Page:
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Film Interview: Justin Tagg – Mouse-X (HTF Exclusive)

We recently caught up with indie filmmaker & entrepreneur Justin Tagg, the writer and director behind the brilliant sci fi short, Mouse-X. We talked to Justin about the inspiration behind the concept, the Cannes Film Festival experience and what it was like rubbing shoulders with Mark Ronson and Paris Hilton. Check it out!

Justin-Tagg-Interview

We recently caught up with indie filmmaker & entrepreneur Justin Tagg, the writer and director behind the brilliant sci fi short, Mouse-X. The intriguing and enigmatic tale of a man (played by Julian Nicholson) who wakes up in a house with no idea why he is there or how he got there, all he knows is there are thousands of clones, in thousands of rooms and these dopplegangers of himself are waking up to exactly the same situation…

Mouse-X was shot on Red Epic in a warehouse with a limited budget of just £5,200, but thanks to some innovative planning and resourcefulness they were able to produce something brilliant. The crew includes Verbal Vigilante, the musical masterminds behind the trailer music for The Dark Knight Rises and Danny Boyle’s ‘Trance’, composing the soundtrack and a BAFTA award winning Director of Photography by the name of Hákon Pálsson.We talk to Justin about the inspiration behind the concept, the Cannes Film Festival experience and what it was like rubbing shoulders with Mark Ronson and Paris Hilton.
HTF: Hi Justin, the premise of your new film, Mouse-X is intriguing. Tell us a bit about the inspiration behind the concept and how the idea developed into Mouse-X.

JT: So, Mouse-X is about a man trapped in a building with a thousand clones of himself. However, it has a much deeper back story. That does not necessarily come through in this film but it means (I hope) that the script never feels flimsy, it feels like it is grounded in a world which really exists, even if we don’t get to peep behind the curtain.

I’ve always been fascinated with the idea of reality, our perception of the world around us and why we do the things we do. Every film I deal with tests some element of a characters humanity on a deep level and challenges the audience to think differently. So with Mouse-X I was dealing with the notion of our own identity and how unique we really are. Are we really individuals or does it appear that way because we’re the only person with our specific design and experience? What if we were copied. Is that person us? Even for an instant? Because if we can be copied perfectly then that takes a little of the magic away from being ‘me’. And if you cannot copy somebody perfectly, if some part of us is left behind then you have to ask where that part is stored. I don’t have answers to these questions but I liked asking and how they made me think about me and my reality.

 

HTF: Will Mouse-X be quite a scientific film? The film’s teaser trailer reminds me of the multiple worlds theory and Schrödinger’s theory, are either of those close or is there some quantum theory elements to the films concept?

JT: That’s a great question and something I have wrestled with for a long time. I think to keep it really clear I’ll say, no. I want to avoid burying the narrative in science. There are two reasons for this;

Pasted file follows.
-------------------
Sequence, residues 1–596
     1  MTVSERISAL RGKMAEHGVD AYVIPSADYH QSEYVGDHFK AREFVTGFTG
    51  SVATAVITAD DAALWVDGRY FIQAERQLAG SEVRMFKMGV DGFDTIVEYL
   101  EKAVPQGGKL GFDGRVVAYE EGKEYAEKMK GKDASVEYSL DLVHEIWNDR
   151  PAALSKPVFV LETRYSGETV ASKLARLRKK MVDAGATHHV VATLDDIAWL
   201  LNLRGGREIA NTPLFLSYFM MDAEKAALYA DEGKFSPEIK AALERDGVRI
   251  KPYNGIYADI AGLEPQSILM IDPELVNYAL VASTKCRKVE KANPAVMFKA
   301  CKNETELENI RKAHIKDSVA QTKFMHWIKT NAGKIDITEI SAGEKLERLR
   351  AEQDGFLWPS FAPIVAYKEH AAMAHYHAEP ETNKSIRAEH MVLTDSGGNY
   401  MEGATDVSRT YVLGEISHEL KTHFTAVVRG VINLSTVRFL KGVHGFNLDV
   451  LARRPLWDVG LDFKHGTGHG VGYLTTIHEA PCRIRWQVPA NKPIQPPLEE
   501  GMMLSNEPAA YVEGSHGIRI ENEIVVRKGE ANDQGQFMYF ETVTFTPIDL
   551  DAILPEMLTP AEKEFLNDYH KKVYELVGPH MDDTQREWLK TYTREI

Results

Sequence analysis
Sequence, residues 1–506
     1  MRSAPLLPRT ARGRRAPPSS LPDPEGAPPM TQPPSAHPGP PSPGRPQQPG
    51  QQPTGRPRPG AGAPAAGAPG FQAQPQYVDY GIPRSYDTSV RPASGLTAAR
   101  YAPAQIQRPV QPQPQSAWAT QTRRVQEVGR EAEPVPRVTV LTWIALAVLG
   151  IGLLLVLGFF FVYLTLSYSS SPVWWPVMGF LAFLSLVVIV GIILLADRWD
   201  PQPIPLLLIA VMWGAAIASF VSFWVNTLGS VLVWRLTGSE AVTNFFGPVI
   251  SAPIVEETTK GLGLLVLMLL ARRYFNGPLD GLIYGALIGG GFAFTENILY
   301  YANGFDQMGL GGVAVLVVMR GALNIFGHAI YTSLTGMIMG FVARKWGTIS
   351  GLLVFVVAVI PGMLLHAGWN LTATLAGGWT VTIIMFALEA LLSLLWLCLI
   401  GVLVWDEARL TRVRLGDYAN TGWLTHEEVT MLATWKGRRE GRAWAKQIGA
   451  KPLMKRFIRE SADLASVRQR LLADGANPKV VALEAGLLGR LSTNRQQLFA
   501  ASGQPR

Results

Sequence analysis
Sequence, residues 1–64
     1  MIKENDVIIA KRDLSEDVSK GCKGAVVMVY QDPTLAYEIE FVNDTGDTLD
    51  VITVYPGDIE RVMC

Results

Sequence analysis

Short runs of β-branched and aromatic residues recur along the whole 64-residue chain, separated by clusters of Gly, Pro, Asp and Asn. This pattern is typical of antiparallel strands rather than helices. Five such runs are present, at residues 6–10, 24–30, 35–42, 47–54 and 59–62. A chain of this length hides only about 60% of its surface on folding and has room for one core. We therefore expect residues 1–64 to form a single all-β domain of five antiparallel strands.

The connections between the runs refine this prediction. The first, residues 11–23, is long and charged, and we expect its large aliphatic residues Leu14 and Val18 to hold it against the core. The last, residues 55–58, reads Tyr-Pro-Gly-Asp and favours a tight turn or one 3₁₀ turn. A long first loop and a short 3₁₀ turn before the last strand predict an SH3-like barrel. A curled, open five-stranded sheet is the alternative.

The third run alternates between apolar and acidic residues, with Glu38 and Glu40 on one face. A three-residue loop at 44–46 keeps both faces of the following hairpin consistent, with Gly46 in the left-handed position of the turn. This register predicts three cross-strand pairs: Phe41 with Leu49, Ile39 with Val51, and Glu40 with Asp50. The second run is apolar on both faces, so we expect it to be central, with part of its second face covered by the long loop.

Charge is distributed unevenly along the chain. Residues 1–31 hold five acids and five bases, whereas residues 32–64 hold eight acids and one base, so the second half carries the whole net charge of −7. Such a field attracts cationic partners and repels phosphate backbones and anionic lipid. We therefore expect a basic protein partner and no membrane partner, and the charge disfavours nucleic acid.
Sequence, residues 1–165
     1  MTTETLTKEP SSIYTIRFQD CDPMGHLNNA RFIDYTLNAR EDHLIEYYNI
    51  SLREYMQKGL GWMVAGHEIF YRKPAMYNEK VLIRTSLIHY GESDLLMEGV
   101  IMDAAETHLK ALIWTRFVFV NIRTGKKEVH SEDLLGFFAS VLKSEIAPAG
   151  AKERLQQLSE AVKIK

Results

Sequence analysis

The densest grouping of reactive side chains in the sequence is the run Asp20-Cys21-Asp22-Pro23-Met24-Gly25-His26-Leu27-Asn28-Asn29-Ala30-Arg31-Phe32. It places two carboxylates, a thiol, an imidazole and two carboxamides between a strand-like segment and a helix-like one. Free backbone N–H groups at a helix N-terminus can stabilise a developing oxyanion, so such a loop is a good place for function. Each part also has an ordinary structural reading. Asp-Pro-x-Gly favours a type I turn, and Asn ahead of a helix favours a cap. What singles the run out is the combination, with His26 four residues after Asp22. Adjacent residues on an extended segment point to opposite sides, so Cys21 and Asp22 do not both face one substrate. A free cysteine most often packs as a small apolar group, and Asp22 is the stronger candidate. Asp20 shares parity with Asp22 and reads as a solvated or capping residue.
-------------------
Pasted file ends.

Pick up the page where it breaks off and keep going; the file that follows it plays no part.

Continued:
a) I’m not a scientist and b) the science sets the scene but the story is about people

You’re right though, multiple worlds, the famous Double Slit experiment and Schrodinger are influences for me and creep through the shadows of this short and all the films I’m writing in the same story universe, quantum theory roams around in the background too. The reason for this is maybe not what you think, it’s because all of the things you described are, loosely, thought experiments, bold, storytelling devices that help mere mortals like me form questions and opinions based on very complex scientific ideas.

Having said that, I do read a lot of science texts, it’s interesting for me and I often spot ideas that spark an idea which may or may not stay as scientific as the source but was certainly inspired by it. Mouse-X is actually a lot more basic than that though. It’s set within the world largest experiment into human nature where clones, rather than lab mice, are the test subjects. I won’t go into more detail now though because I’m hoping you’ll be wanting to find out more from the finished film and maybe even further films within the same story universe.

HTF: We heard you have been recently looking for distribution at Cannes, how did that go? It must have been quite an experience being at Cannes.

JT: Cannes was great. I’m always cautious not to sound like ‘we’re so great for being there’ because the whole place was stuffed full of people. It’s not special that we went but I think it was the right choice. We went to suss the whole place out, get a little clearer and more experienced in selling our wares to people in the industry and, partly, picture what it might be like to be there competitively some day soon.

 

The weather was outstanding, considering Cannes is famous for having bad weather – certainly recently. That meant we could take advantage of the outdoor pavilions, free food and drink and meeting a lot of people all day every day. We spent time in the film market too, checking out how everybody was selling themselves and their films and keeping an eye on the competition too. Who else is shooting films like us? Who is doing great work? Are there some fantastic crew members that we could snap up for the next shoot, for example.